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Automation - The Future Of The Industry

Posted November 01, 2017

Last week, I had the pleasure of attending SOUTH-TEC, a regional manufacturing technology event, held in Greenville, South Carolina. As a provider of financing for manufacturing equipment, our team was there to learn more about the industry, the equipment and the customers we serve. I spoke with multiple distributors and manufacturers about the current state of the industry and the challenges faced by manufacturers. The recurring theme is that the difficulty finding skilled employees is forcing all shops to embrace technology, particularly automation.

Automation even a traditionalist can love

I’ve seen technology at every stage in the manufacturing industry. My father, who owns a machine shop in Cincinnati called Dimension Machine, started his business with one machine in our garage. As business poured in, he decided to invest in some larger and higher quality equipment to keep up with the workload. Although a traditional man, he understood the necessity of this type of machinery to propel his business forward. And now, because he is having difficulty finding enough skilled workers, he is embracing automation to get ahead of the game.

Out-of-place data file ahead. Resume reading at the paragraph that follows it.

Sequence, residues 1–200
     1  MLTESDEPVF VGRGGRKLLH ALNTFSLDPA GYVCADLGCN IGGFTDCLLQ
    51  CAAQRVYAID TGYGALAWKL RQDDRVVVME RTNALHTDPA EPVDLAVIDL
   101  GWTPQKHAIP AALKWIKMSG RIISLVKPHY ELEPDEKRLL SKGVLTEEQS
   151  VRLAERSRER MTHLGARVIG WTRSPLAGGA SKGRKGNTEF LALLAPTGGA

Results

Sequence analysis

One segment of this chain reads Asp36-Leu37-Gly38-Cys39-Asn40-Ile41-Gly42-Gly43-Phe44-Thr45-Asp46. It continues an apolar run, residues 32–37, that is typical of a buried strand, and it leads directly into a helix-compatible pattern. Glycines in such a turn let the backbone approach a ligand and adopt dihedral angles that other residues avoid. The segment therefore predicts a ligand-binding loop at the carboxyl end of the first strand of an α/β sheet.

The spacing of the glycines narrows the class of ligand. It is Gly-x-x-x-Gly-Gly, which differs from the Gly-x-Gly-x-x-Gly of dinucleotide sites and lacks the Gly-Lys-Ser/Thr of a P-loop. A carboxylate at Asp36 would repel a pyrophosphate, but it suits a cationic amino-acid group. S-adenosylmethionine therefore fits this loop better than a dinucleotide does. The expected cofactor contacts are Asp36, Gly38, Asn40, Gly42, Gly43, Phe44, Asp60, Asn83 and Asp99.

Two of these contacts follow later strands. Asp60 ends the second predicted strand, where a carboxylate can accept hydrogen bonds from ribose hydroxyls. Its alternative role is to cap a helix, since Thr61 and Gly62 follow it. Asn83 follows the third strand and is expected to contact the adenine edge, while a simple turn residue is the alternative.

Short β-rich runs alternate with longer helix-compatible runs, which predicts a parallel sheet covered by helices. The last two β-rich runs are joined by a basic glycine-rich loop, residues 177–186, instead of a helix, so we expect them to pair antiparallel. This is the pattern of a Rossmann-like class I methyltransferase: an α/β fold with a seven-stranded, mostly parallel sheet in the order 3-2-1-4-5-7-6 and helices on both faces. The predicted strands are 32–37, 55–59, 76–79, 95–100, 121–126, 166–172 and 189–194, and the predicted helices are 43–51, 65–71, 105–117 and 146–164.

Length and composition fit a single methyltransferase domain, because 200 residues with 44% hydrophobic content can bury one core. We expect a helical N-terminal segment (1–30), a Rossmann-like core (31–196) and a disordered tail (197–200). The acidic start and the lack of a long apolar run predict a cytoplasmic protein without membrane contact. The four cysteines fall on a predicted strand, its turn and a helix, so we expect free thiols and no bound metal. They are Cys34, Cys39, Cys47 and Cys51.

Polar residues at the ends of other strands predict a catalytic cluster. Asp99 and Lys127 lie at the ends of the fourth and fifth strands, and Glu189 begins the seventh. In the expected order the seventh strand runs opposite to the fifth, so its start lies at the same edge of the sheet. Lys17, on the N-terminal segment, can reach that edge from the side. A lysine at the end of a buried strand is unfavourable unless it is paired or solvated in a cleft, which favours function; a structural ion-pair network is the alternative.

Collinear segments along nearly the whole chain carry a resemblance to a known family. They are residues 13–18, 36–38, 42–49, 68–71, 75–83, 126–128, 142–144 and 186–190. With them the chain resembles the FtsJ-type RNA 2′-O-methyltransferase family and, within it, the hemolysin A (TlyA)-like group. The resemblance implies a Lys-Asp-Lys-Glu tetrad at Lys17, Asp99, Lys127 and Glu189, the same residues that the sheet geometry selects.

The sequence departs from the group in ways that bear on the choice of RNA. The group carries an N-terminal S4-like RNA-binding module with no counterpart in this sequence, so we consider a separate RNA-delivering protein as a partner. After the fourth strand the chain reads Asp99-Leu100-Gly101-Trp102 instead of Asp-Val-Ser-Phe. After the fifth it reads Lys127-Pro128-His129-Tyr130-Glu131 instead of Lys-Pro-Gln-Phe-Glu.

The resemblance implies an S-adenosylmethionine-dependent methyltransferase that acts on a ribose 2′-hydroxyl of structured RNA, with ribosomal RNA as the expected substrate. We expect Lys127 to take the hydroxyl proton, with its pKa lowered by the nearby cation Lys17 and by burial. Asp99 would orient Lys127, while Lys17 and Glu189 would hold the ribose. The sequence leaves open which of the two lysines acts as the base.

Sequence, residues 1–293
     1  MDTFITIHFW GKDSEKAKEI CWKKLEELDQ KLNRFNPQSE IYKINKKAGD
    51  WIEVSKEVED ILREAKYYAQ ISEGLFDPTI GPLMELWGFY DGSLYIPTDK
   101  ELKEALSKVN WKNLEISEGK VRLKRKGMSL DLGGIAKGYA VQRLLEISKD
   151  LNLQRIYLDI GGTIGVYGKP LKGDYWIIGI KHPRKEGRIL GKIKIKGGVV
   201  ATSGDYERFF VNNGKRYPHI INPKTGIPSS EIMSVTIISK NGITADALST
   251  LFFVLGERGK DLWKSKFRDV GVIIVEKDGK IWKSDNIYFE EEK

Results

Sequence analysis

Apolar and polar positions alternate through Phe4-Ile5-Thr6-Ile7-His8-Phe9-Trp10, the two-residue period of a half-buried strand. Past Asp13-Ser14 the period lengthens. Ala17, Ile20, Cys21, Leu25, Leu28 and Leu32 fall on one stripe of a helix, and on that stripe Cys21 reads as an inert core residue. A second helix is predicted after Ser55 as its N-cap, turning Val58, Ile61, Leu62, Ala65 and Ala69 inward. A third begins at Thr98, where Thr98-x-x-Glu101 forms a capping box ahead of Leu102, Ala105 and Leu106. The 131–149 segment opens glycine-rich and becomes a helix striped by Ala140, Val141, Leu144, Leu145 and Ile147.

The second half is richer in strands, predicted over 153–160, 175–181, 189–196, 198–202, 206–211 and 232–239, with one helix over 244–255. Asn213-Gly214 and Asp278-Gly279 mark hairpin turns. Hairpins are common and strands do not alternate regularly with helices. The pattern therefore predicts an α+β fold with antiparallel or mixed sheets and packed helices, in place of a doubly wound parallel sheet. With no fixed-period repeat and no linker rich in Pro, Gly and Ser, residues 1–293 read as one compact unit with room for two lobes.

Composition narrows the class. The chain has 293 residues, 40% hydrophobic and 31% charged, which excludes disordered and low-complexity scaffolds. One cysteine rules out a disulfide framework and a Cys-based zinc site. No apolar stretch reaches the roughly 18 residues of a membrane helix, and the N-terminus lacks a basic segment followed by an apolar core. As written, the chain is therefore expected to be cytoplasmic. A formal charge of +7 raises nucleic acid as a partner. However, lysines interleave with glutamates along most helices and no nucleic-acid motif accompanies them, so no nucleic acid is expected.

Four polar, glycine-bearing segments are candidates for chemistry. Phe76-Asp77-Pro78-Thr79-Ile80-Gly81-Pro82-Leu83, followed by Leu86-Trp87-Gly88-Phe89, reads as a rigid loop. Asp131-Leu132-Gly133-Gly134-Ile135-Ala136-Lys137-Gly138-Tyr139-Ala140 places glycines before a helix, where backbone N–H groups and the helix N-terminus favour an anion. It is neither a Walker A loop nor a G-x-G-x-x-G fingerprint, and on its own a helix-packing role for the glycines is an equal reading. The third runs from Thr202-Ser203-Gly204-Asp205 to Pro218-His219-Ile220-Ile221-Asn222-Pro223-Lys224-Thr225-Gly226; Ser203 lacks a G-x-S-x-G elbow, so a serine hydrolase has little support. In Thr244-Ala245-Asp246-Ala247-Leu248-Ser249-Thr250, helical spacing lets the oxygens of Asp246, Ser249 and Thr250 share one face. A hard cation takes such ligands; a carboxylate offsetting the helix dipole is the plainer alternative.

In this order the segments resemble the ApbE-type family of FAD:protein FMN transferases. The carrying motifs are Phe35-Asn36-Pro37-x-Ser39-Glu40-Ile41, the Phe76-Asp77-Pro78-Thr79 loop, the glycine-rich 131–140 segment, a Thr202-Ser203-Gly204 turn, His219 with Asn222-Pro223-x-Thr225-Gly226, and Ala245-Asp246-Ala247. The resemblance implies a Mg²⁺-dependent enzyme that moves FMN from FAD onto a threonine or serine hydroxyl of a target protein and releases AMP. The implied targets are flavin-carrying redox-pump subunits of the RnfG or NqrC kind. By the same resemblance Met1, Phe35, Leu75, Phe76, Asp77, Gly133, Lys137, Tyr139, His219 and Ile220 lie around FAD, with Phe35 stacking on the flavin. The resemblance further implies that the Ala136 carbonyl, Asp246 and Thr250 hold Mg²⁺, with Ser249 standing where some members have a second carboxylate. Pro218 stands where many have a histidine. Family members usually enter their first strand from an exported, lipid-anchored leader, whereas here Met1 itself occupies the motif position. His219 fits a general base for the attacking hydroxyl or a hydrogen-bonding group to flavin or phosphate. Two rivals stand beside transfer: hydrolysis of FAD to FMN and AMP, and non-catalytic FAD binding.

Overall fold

Automation has transformed the manufacturing industry, allowing factories and machine shops to accelerate productivity and minimize downtime. Dimension Machine increased their output for a specific part by 70% when they setup robots to work alongside their two Okuma lathes. With an average 42 second cycle time and virtually no downtime, these robots drastically outperform human workers and completely change the company’s potential – all the while creating a solution to the talent shortage they are experiencing. What I learned at SOUTH-TEC, is that my father’s shop is not experiencing anything out of the ordinary. Manufacturing companies across the United States are having difficulty bringing in skilled labor, which in turn causes even the traditional shops to welcome new technology. And, as technology and capabilities evolve and expand, manufacturing companies are forced to totally rethink their processes and embrace automation.

Automation coming to other industries

While automation and robotics have taken many forms in the manufacturing industry, these technologies are starting to be used in the other industries we serve. Autonomous vehicles, including trucks, are being tested in the transportation and waste industries. Drones with cameras are being used in the construction industry. Much of this development and testing has been spurred by the lack of skilled labor in these industries, much like that of the manufacturing industry. Some of the technology is new and still being tested, but it’s driving changes in these industries and forcing companies to look at new solutions to the skilled labor shortage. And forcing investments to remain competitive.

Are you considering investments in technology and automation? Let us know how you expect to be impacted and if we can help you acquire the right equipment for the job.


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